Net loss for our web presence segment decreased slightly from $25.8 million for the year ended December 31, 2015 to $25.4 million for the year ended December 31, 2016. This decrease was primarily due an income tax benefit of $76.3 million, lower amortization expense of $12.2 million, reduced losses from unconsolidated entities of $9.8 million and improved profitability from certain web presence products, which was partially offset by $59.0 million in net losses incurred to launch our new gateway products, $21.7 million of higher transaction costs to acquire Constant Contact, higher stock-based compensation expense of$15.9 million, mainly due to increased grants of awards, increased interest expense of $12.4 million and impairment charges of $9.0 million.

Net loss for our email marketing segment for the year ended December 31, 2016 was $55.9 million, all of which pertained to the acquisition of Constant Contact.

Adjusted EBITDA on a consolidated basis, and for the web presence segment, increased from $171.4 million for the year ended December 31, 2014 to $219.2 million for the year ended December 31, 2015. This increase in adjusted EBITDA was primarily a result of the factors resulting in our reduced net loss during this period, as described above.

Adjusted EBITDA on a consolidated basis increased from $219.2 million for the year ended December 31, 2015 to $288.4 million for the year ended December 31, 2016. Substantially all of this increase is attributable to our email marketing segment due to the acquisition of Constant Contact, which was partially offset by losses incurred by our web presence segment to launch new gateway products.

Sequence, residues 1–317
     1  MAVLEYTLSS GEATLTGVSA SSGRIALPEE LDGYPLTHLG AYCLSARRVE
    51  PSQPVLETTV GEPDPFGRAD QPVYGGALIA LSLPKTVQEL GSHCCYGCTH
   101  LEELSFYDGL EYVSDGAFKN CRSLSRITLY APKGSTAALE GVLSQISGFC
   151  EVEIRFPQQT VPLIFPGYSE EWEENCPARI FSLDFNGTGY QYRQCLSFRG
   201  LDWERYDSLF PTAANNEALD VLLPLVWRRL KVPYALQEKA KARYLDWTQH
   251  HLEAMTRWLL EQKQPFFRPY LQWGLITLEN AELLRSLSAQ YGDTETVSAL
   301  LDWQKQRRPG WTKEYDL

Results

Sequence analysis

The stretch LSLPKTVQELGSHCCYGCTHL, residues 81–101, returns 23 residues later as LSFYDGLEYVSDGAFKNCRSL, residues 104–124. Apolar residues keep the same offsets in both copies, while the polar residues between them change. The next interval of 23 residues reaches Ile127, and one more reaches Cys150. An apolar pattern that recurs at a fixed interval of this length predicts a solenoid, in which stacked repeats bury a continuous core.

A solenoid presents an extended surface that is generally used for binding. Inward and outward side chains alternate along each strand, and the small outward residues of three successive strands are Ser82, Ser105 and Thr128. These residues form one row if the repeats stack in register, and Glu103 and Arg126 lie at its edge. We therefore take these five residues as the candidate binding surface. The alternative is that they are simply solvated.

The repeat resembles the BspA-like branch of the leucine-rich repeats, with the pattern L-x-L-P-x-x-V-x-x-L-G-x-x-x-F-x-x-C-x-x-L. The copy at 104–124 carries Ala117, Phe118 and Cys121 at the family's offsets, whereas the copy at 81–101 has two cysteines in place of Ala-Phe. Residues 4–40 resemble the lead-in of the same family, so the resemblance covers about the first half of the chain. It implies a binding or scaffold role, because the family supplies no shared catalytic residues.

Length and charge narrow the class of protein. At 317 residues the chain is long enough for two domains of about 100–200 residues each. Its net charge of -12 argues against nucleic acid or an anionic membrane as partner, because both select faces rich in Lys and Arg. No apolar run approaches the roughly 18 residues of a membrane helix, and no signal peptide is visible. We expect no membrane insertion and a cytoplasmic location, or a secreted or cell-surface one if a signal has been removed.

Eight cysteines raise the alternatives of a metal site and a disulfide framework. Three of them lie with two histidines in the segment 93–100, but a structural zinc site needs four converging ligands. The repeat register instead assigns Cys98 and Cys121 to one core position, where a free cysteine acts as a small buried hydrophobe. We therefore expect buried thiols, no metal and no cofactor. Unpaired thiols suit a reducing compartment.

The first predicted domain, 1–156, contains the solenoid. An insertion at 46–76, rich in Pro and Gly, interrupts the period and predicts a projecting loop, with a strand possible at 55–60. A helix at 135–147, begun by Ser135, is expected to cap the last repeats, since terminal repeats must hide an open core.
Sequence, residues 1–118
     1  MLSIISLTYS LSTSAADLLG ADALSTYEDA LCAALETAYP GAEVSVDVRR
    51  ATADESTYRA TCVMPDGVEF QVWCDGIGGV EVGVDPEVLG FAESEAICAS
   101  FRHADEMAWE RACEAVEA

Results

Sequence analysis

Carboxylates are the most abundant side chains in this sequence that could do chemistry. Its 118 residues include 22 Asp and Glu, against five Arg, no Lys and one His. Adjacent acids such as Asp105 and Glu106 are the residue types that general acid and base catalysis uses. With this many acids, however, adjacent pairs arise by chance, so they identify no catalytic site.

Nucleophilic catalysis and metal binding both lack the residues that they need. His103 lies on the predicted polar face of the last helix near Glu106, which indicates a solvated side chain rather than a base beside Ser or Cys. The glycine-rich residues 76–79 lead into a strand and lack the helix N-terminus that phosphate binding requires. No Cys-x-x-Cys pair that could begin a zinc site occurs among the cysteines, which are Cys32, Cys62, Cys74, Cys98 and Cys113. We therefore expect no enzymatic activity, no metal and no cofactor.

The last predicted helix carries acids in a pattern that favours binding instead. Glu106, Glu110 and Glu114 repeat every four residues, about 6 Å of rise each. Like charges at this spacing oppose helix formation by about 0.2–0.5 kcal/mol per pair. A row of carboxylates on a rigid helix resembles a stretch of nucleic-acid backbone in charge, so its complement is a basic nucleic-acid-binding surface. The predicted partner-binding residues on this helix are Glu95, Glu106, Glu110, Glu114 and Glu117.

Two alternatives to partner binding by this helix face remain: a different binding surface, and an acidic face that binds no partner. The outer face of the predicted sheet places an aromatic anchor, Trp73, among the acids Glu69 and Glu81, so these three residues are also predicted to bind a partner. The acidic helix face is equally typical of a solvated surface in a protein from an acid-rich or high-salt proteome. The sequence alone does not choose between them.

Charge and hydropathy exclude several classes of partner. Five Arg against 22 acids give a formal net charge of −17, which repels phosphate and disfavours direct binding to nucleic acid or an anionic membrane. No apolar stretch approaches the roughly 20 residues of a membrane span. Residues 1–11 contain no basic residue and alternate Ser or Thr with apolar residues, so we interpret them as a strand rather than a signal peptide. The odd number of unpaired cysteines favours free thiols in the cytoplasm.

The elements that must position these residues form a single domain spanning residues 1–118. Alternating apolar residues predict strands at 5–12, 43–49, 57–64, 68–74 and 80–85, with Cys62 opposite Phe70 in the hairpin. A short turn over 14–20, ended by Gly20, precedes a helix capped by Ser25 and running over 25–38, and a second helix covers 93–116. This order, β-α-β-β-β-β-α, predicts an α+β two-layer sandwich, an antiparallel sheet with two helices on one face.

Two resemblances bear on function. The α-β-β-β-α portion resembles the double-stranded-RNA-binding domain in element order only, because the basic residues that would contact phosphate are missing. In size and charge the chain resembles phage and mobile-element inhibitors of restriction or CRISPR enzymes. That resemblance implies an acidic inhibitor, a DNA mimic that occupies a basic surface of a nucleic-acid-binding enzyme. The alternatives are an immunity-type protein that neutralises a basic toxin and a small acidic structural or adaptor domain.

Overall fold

Adjusted EBITDA for our email marketing segment for the year ended December 31, 2016 was $116.3 million, and is entirely attributable to our acquisition of Constant Contact. Email marketing adjusted EBITDA was adversely impacted by the purchase accounting write-down of acquired deferred revenues, which decreased revenue by $15.2 million for the year ended December 31, 2016. Email marketing adjusted EBITDA for the pre-acquisition period from January 1, 2016 through February 9, 2016 was $7.9 million. Email marketing adjusted EBITDA separately reported by Constant Contact (adjusted to conform to our definition of adjusted EBITDA) for the year ended December 31, 2015 was $72.4 million. The increase in email marketing adjusted EBITDA is primarily the result of cost reduction actions undertaken following the acquisition. The following table reflects the reconciliation of adjusted EBITDA to net loss calculated in accordance with GAAP for the periods presented for Constant Contact for the pre-acquisition periods from January 1, 2016 through February 9, 2016 and for the year ended December 31, 2015:

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Email marketing segment
 
For the pre-acquisition period from January 1, 2016 through February 9, 2016